The global epidemic of type 2 diabetes in adults is now spreading to children.

Less than two decades ago, type 2 diabetes was virtually unheard of among children and accounted for less than 3 percent of new diabetes cases among children and adolescents.

But a new study shows that type 2 diabetes now accounts for up to 45 percent of new diabetes cases among adolescents worldwide. The rate of type 2 diabetes among younger children is also rising dramatically.

Researchers say the rapid rise of type 2 diabetes in young people follows a similar rise among adults and is largely due to soaring obesity rates.

Obesity is a major risk factor for type 2 diabetes. Weight gain, poor nutrition, and lack of exercise hamper the ability of the hormone insulin to do its job and regulate blood sugar levels. The body initially compensates by producing more insulin to normalize blood sugars. Eventually the pancreas can't keep up and blood sugar levels rise, leading to the diagnosis of type 2 diabetes.

Children Next in Diabetes Epidemic

Type 2 diabetes was first recognized as an emerging problem in children in the U.S. in the 1990s. Similar rates are now being reported in Europe, Asia, and other parts of the world.

In the study, which appears in the May issue of the Journal of Pediatrics, researchers reviewed published reports on type 2 diabetes in children and adolescents between 1978 and 2004 worldwide.

Researchers found that there appears to be a close relationship between type 2 diabetes rates in adults in a particular region or ethnic group and the eventual appearance of the disease in children and adolescents in the same group. Type 2 diabetes in children was diagnosed earliest in those countries with the highest rates of type 2 diabetes among adults.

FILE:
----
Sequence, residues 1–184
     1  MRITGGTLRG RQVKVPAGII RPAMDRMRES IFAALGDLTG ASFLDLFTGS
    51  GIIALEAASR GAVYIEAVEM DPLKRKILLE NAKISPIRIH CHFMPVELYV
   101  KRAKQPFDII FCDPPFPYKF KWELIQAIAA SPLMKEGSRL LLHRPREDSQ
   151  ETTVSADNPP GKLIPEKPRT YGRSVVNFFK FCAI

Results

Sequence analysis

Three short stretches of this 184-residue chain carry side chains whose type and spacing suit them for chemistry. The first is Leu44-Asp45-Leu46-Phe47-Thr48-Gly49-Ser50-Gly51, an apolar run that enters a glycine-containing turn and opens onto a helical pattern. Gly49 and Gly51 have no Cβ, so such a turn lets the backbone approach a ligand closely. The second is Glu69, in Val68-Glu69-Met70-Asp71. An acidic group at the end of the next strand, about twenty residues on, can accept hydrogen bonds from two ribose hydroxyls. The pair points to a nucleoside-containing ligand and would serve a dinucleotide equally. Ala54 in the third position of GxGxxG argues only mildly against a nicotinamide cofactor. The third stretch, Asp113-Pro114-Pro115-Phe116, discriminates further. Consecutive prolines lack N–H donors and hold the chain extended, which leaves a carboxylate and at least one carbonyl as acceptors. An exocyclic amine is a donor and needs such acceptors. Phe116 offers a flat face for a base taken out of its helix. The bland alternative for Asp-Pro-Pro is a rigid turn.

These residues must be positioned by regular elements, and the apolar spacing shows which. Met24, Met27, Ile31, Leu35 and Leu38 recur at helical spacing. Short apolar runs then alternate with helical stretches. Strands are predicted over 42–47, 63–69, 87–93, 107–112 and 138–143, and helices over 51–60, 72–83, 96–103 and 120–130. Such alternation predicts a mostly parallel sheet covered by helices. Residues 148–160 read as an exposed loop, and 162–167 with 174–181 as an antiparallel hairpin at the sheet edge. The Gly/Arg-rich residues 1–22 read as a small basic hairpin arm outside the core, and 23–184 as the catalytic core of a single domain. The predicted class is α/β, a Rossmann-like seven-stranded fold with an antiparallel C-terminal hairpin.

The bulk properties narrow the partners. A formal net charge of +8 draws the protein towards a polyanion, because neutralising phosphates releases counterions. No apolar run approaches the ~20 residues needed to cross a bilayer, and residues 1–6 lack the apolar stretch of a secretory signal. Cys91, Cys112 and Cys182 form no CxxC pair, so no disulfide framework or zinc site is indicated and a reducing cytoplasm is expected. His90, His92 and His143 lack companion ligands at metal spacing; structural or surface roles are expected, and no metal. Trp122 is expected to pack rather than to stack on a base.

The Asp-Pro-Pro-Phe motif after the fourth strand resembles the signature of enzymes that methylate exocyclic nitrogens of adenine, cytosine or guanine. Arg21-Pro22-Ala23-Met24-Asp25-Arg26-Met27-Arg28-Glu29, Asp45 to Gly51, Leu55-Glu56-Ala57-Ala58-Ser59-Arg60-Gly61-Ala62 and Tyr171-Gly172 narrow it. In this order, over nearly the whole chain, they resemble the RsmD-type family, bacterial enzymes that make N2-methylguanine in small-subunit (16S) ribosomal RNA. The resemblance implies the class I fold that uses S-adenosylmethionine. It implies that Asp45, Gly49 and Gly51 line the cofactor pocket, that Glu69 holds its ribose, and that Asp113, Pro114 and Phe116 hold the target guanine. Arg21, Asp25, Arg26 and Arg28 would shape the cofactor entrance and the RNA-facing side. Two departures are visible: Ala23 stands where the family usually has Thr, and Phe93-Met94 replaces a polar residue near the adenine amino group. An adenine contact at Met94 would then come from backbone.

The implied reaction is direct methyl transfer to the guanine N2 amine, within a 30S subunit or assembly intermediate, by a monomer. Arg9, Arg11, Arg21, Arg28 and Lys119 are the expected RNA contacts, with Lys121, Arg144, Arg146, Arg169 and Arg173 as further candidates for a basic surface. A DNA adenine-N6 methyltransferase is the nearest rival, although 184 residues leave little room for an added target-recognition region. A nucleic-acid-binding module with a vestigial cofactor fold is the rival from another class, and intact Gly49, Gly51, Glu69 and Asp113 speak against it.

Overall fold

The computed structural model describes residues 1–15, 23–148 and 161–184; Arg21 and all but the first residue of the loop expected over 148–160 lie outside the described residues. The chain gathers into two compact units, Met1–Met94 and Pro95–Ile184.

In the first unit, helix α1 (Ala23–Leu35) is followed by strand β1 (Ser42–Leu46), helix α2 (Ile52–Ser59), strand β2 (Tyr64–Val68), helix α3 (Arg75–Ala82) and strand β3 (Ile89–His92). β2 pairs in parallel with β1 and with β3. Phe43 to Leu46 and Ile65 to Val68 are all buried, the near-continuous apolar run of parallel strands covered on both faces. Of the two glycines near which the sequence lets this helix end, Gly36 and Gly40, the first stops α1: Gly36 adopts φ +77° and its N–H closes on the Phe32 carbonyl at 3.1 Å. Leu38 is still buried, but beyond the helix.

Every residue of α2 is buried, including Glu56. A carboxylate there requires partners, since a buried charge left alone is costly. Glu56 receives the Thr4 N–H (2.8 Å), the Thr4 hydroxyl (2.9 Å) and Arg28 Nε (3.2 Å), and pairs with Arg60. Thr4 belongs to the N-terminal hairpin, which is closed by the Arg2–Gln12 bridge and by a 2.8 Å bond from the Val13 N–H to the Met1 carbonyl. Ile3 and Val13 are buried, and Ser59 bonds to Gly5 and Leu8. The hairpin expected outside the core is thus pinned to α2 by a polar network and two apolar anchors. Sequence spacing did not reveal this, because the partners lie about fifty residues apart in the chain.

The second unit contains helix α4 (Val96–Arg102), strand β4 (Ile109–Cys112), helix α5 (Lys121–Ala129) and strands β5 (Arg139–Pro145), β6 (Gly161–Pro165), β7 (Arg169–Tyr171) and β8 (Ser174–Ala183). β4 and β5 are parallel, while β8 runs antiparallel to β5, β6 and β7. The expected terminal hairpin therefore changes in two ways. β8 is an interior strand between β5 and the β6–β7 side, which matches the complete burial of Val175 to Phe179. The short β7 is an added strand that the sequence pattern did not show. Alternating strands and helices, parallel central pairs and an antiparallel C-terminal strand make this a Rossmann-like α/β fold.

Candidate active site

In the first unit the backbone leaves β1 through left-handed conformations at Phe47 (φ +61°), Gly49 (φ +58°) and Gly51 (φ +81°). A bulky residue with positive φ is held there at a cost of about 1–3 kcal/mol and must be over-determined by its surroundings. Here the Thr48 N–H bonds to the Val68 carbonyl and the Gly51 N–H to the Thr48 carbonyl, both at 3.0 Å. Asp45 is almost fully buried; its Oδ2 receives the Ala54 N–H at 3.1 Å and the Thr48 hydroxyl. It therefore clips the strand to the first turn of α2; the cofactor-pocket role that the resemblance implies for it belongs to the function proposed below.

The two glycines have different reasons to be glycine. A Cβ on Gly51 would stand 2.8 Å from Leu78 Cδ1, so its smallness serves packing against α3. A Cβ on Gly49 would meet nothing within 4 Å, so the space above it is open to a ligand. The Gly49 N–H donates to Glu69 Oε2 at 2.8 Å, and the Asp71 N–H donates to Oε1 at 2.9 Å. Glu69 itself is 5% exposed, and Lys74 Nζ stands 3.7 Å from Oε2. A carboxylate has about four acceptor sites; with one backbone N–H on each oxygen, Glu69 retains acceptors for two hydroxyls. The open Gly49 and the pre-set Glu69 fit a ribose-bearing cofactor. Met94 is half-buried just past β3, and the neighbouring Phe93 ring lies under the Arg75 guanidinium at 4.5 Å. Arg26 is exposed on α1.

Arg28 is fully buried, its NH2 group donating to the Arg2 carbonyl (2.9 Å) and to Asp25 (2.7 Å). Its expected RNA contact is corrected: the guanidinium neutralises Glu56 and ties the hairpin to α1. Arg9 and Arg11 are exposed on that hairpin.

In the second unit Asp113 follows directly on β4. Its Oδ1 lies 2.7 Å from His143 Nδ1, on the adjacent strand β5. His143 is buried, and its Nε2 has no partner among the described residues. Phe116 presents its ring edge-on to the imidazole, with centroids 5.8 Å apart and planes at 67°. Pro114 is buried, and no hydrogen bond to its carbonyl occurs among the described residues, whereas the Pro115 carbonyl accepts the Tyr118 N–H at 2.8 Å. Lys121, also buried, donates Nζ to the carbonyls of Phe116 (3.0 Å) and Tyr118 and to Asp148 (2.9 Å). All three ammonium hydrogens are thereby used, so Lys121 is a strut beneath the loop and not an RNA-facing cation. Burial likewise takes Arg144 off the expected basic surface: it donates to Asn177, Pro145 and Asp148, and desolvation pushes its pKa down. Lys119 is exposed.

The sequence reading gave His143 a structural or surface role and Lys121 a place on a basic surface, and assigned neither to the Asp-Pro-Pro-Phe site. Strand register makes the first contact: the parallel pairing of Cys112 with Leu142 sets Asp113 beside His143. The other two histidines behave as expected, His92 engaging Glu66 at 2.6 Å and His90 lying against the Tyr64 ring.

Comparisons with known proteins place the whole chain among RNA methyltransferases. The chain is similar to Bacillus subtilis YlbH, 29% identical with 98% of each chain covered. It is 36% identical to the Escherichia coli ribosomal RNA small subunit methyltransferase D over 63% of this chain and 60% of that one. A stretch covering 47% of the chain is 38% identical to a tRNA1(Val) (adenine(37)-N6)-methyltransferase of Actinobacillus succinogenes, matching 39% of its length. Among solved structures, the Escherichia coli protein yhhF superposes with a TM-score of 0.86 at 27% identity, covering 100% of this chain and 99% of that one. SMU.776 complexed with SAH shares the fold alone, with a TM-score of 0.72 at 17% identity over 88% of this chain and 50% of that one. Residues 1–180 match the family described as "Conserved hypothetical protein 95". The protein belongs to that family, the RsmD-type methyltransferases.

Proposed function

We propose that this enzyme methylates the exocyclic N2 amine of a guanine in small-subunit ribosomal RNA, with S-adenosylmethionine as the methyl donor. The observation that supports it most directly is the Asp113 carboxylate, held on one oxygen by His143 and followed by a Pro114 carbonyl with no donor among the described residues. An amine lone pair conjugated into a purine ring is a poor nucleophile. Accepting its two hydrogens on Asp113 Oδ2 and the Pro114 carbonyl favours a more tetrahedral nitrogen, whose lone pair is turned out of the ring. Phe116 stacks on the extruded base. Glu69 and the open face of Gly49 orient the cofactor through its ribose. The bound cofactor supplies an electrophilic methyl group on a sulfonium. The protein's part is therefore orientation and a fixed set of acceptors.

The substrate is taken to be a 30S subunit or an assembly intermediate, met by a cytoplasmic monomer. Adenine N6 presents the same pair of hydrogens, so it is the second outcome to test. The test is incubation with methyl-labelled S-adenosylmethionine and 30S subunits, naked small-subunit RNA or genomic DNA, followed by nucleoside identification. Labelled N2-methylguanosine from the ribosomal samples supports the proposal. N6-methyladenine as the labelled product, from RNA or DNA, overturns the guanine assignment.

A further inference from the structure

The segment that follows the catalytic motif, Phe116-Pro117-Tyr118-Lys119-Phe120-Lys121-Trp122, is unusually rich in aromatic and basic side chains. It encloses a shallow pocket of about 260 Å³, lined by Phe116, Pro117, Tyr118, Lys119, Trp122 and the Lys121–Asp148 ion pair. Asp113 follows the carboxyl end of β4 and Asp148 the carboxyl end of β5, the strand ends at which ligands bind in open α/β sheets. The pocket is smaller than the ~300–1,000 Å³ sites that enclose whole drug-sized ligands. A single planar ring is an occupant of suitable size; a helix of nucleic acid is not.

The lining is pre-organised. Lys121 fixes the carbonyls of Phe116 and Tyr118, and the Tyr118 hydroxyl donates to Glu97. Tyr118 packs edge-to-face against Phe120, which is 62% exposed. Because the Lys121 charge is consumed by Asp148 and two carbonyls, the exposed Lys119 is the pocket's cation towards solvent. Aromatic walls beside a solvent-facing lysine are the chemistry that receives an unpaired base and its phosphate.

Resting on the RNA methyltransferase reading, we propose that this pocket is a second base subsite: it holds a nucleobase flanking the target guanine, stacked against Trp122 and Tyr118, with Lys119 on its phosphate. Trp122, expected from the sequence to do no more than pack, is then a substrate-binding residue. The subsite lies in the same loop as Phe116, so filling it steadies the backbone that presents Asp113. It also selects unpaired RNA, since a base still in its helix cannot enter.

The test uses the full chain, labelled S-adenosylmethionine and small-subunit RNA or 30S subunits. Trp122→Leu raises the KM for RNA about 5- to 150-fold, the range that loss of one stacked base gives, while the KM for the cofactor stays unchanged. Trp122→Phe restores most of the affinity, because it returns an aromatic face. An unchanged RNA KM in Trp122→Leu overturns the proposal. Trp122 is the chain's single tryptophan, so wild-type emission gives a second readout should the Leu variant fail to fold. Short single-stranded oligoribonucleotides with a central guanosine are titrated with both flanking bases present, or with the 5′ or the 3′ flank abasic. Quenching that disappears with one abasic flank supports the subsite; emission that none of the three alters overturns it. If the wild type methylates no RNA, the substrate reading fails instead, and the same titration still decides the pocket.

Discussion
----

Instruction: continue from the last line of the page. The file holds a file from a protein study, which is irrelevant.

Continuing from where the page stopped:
Based on information gathered from these international studies, researchers estimate that up to 45 percent of all new diabetes cases in adolescents are classified as type 2 diabetes.

Ethnic Groups at Risk

The study also shows that the growth of type 2 diabetes within ethnic groups is particularly dramatic.

For example, 80 percent of new diabetes cases among children in Japan and 70 percent of new cases among Native Americans are now type 2 diabetes compared with the 45 percent global average.

The report also shows that the Pima Indians in Arizona have the world's highest rates of type 2 diabetes in adults in addition to the highest rates of obesity, which is now leading to rising type 2 diabetes rates among the children in this group.

Other regions reporting higher percentages of type 2 diabetes among children and adolescents include New York City, Taiwan, New Zealand, and Canada.

Researchers say the study shows that obesity-related illnesses like type 2 diabetes are quickly becoming a global problem that requires major lifestyle changes among the affected peoples to reverse this trend.

By Jennifer Warner, reviewed by Brunilda Nazario, MD

SOURCES: Pinhas-Hamiel, O. Journal of Pediatrics, May 2005; vol 146: pp 693-700. News release, Journal of Pediatrics.